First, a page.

The opinion of the court was delivered by: LETTS
The plaintiff Jacqueline J. Droney brings this suit as the designated beneficiary of a contract of National Service Life Insurance, issued to Robert F. Droney on August 1, 1942, while in the military service of the United States.
It appears without dispute that the insured originally named his wife, the intervener, Grace P. Droney, as beneficiary of said insurance, but on August 1, 1943, attempted to change the beneficiary of said insurance, naming plaintiff whose relationship was given as that of 'sister'. The insured died on August 4, 1943. The disagreement as contemplated by section 19 World War Veterans' Act, 1924, 38 U.S.C.A. § 445, exists. It is admitted that plaintiff is an adopted sister of the insured and that no blood relationship existed between her and the insured.
The intervener, Grace P. Droney, bases her claim to insurance benefits upon the contention that the purported change of beneficiary is ineffectual since plaintiff does not come within the permitted class of designated beneficiaries as defined by the National Service Life Insurance Act.
The United States withholds payment of the insurance because of the conflict of interest between the plaintiff and the intervener and is ready to pay the insurance to the person adjudged by the court to be entitled to receive the same.
Plaintiff and intervener have filed motions for summary judgment. These motions present the sole question for decision, which is one of law: whether or not a sister by adoption comes within the permitted class of designated beneficiaries as defined by the National Service Life Insurance Act.
Section 601 of the National Service Life Insurance Act, as approved October 8, 1940, 54 Stat. 1008, 38 U.S.C.A. § 801, provides in subsection (e) that when used in part 1 of the act the term 'child' includes an adopted child.
Section 602 of said Act, Sec. 802 of the United States Code Annotated, provides, on the subject of beneficiaries:
'(g) The insurance shall be payable only to a widow, widower, child (including a stepchild or an illegitimate child if designated as beneficiary by the insured), parent (including person in loco parentis if designated as beneficiary by the insured), brother or sister of the insured. The insured shall have the right to designate the beneficiary or beneficiaries of the insurance, but only within the classes herein provided, and shall, subject to regulations, at all times have the right to change the beneficiary or beneficiaries of such insurance without the consent of such beneficiary or beneficiaries but only within the classes herein provided.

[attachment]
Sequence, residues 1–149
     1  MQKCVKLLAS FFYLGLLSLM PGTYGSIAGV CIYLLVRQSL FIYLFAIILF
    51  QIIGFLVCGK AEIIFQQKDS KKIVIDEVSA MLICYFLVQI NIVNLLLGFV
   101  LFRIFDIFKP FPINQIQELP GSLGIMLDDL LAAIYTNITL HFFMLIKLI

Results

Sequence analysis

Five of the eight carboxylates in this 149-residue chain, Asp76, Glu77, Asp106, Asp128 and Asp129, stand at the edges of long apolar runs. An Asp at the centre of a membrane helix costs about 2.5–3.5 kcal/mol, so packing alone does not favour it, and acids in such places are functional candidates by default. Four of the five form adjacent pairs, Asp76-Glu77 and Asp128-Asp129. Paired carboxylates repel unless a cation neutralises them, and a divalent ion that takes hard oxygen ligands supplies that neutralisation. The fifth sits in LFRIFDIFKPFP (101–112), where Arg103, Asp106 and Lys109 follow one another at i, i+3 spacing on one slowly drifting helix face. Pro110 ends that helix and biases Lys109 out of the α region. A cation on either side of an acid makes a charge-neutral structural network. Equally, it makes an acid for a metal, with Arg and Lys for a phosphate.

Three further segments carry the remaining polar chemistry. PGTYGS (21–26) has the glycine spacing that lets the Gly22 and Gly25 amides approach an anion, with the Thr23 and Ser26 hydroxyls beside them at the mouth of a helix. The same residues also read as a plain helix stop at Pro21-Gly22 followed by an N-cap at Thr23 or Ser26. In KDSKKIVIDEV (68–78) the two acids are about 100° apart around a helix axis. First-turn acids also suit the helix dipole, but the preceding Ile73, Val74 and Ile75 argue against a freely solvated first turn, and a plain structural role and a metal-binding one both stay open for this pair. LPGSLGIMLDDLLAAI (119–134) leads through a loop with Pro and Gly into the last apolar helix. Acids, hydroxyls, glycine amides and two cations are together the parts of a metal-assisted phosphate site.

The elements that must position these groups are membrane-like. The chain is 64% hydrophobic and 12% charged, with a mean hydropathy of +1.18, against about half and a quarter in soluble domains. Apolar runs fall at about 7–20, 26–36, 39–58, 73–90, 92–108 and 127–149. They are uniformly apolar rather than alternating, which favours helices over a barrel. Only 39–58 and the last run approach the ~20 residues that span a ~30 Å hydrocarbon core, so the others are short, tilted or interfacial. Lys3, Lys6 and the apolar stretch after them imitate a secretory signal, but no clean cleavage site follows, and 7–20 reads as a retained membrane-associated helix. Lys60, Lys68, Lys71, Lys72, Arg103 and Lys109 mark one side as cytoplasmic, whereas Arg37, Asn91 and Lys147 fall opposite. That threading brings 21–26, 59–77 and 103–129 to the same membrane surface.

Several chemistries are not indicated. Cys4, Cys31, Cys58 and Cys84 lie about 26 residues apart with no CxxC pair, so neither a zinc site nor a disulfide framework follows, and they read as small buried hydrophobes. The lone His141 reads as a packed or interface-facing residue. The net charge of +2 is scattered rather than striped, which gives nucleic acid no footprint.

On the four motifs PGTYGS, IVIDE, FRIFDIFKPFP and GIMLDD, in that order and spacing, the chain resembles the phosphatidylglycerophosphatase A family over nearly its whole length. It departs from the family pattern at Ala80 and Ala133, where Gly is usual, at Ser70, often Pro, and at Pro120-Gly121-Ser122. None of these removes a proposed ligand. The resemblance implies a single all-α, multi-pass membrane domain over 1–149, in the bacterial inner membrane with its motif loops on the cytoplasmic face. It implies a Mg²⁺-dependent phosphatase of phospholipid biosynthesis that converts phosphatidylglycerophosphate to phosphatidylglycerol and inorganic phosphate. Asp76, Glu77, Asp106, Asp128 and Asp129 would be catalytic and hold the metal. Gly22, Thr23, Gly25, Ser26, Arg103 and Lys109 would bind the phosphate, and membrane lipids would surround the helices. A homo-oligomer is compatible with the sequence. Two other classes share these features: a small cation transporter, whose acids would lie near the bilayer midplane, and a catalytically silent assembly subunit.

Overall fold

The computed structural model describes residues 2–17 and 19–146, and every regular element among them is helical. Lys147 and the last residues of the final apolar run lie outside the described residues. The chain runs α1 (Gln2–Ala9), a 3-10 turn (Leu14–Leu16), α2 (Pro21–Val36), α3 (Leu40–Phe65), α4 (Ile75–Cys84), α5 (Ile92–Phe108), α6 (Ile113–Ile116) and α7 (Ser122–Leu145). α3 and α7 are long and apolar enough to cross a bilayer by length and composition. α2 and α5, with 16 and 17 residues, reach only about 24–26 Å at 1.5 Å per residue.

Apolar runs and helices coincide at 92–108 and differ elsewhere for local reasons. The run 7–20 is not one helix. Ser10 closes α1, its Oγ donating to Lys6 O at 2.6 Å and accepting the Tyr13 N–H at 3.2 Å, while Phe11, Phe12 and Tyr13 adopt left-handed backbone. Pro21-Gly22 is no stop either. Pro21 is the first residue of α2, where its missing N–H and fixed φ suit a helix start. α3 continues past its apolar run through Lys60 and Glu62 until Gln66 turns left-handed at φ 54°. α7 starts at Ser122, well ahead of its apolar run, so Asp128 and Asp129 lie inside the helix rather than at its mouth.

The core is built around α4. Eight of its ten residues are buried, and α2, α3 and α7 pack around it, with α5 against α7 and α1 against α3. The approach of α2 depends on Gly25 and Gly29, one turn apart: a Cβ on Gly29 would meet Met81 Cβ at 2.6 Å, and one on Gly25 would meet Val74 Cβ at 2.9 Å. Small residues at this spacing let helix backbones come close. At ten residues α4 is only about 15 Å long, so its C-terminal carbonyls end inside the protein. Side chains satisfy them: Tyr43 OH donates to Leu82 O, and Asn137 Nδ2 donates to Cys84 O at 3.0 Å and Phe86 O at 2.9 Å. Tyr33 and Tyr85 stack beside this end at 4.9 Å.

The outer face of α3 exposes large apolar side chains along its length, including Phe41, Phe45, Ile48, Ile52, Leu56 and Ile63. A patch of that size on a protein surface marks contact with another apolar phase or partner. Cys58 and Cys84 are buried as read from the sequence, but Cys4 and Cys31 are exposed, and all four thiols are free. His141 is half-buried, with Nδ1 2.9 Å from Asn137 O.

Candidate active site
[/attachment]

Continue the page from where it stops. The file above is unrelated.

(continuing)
'(j) No installments of such insurance shall be paid to the heirs or legal representatives as such of the insured or of any beneficiary, and in the event that no person within the permitted class survives to receive the insurance or any part thereof no payment of the unpaid installments shall be made.'
Section 601 of the Act of October 8, 1940, was amended by an Act approved July 11, 1942, 56 Stat. 659, 38 U.S.C.A. 801, by the addition of the following subsection: '(f) The terms 'parent', 'father', and 'mother' include a father, mother, father through adoption, mother through adoption, and persons who have stood in loco parentis to a member of the military or naval forces at any time prior to entry into active service for a period of not less than one year.'
The amendatory Act of July 11, 1942, struck out of section 602(g) dealing with beneficiaries the parenthetical words, following the word 'parent,' to wit, 'including person in loco parentis if designated as beneficiary by the insured.' Section 602(g) now reads: 'The insurance shall be payable only to a widow, widower, child (including a stepchild or an illegitimate child if designated as beneficiary by the insured), parent, brother or sister of the insured. * * * '
It will be noted that in such provision only the term 'child' is enlarged beyond the natural and obvious meaning of the terms used to designate permissible beneficiaries.
It will be observed that the provisions of the War Risk Insurance and World War Veterans' Acts are much more liberal than the act ...